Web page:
Duchess of dirt. Queen of vert.

My love for endurance sport dates back to when I was about 9. I saw a feature on tv that followed the story of a non-professional athlete's journey at an Ironman triathlon. I remember the event took all day, starting in the early hours and finishing well into the night. I had no idea people did that kind of thing, but I felt a strong pull toward it. A homeschooled kid raised in a deeply religious home, I was isolated from my peers and most of the world around me. Without much exposure to organized sport, I had few opportunities to explore my affinity for endurance. Still an active kid, I instead spent years practicing martial arts with my family.

When I was 12, I developed breathing issues that made aerobic sport particularly unpleasant. My symptoms were never quite addressed, and I coped by avoiding activities that exacerbated the mysterious issue. Any notions of participating in endurance sport were firmly sidelined. I hated running more than any other activity and refused to do it any chance I got, citing concerns about my symptoms.

In 2014, when I was in my 20s, I left the east coast and moved out west to Flagstaff, Arizona. In love with the mountains since childhood, I always knew my heart belonged on this side of the country. For the first couple years in the west, I got outside on occasional casual hikes, but mostly lifted heavy weights and did miscellaneous gym and studio workouts.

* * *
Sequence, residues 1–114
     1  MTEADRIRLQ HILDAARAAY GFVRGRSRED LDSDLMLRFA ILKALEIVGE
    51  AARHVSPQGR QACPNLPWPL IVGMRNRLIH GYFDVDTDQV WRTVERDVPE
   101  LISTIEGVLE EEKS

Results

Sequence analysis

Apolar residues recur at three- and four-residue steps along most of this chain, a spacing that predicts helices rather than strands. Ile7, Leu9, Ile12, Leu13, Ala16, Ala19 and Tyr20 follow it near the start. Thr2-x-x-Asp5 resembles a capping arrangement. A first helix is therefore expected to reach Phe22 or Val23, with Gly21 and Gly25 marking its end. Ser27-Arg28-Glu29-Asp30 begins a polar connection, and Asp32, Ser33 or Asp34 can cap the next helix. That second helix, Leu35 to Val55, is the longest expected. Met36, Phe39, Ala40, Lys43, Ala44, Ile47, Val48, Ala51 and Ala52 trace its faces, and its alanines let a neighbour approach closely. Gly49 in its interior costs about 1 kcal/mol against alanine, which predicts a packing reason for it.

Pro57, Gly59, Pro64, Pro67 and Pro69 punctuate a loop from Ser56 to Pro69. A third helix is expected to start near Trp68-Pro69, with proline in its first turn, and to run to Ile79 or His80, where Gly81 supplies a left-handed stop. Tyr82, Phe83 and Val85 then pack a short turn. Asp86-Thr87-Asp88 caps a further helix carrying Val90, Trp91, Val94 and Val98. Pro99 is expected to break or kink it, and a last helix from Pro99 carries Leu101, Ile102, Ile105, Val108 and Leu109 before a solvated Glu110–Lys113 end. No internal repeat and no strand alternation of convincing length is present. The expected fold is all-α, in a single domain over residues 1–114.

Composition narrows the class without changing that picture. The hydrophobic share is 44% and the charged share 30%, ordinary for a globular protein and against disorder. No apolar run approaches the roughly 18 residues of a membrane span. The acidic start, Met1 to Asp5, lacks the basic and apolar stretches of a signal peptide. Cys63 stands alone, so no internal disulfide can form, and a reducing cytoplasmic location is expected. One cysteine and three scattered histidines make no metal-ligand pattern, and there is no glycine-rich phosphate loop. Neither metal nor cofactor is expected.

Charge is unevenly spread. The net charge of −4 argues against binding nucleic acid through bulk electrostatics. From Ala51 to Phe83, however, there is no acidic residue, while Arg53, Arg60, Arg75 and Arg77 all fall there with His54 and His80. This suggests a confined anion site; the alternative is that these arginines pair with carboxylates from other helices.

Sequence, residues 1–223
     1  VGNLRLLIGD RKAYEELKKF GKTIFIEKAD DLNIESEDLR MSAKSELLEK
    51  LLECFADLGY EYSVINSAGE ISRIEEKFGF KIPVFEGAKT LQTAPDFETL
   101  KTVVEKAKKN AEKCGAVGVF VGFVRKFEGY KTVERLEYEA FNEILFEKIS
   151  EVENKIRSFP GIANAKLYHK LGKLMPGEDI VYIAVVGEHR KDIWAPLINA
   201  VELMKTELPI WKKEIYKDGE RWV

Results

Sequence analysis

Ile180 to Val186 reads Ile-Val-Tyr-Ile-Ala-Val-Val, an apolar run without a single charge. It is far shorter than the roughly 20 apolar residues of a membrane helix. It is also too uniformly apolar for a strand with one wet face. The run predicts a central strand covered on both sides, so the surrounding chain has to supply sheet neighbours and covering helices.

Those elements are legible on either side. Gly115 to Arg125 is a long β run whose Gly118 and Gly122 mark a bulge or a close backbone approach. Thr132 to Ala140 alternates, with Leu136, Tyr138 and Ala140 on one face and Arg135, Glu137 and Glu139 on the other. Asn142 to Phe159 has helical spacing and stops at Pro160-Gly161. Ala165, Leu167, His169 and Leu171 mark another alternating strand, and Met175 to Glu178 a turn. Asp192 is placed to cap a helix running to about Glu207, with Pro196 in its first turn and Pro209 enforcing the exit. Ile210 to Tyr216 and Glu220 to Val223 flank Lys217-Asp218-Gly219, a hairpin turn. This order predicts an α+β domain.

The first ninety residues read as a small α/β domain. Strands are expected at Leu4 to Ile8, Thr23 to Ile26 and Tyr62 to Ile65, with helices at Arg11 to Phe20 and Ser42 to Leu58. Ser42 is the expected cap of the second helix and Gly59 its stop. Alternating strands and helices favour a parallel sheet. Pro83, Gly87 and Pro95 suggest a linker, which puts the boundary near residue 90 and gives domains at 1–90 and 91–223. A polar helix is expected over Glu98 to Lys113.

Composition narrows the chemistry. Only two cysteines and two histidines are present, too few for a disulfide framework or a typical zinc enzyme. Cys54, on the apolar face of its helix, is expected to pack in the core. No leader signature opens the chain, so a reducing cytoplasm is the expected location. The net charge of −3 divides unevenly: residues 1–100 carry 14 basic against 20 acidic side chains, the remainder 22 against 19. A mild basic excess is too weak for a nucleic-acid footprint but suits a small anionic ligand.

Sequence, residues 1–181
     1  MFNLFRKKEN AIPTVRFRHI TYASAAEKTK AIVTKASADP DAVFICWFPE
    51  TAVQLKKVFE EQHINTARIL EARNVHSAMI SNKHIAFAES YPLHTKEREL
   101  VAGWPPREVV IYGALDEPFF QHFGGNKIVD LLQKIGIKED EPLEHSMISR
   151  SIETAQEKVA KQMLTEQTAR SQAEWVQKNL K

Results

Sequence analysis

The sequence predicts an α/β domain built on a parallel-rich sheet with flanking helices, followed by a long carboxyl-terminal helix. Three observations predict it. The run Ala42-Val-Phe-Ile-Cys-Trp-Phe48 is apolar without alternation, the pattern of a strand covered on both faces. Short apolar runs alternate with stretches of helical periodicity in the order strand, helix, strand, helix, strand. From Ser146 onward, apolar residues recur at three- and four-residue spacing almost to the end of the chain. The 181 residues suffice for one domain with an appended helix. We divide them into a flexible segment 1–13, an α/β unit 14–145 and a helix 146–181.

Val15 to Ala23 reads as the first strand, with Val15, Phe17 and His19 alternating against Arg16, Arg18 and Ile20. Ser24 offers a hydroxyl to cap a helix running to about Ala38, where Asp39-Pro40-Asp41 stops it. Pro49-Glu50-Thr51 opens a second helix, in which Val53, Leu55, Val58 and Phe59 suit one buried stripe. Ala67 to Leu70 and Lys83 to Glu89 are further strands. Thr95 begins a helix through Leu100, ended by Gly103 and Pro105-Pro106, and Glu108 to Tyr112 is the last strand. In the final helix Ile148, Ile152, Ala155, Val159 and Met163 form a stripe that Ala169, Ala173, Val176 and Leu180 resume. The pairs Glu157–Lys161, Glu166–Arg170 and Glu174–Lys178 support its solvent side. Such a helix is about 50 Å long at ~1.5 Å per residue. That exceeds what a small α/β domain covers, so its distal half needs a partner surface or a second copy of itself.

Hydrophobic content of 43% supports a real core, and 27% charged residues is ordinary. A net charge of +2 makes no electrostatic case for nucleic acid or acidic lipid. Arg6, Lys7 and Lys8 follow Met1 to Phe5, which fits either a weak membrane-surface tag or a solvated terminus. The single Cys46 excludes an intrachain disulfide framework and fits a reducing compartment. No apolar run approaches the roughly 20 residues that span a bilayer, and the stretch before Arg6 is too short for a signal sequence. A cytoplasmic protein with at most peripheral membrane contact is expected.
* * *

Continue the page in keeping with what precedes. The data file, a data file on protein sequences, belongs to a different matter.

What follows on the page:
Shortly after I moved to Flagstaff, I saw a flyer for an ultramarathon mountain race at the CrossFit gym where I trained at the time. It was the first time I'd heard of the sport. I vividly remember staring at the flyer, thinking to myself: "I wish I was the kind of person who could do a race like that."

I could never shake the frustration of being limited by the breathing issues that had followed me around for so many years. I couldn't shake the long-dormant desire to go far. In 2017, I decided to train for a trail half marathon out of sheer spite. I wanted to prove to myself that I could. I fully expected to suffer through every training run, finish the race, and quit running immediately. Much to my surprise, it only took me about 2 weeks of training before I fell hopelessly in love with the sport. Needless to say, I finished that trail half, and a whole lot more. Running did more for my mood than any other form of exercise before. It's no understatement to say that running has been a deeply emotional journey.

I ran my first ultramarathon in April 2021, a trail 60k, where I finally became the kind of person who could, in fact, "do a race like that."

When I'm not running, you'll find me mountain biking, backpacking, dabbling in photography, reading a book, and eating dessert. I also independently write activewear reviews and active lifestyle content on Agent Athletica. I still call Flagstaff home.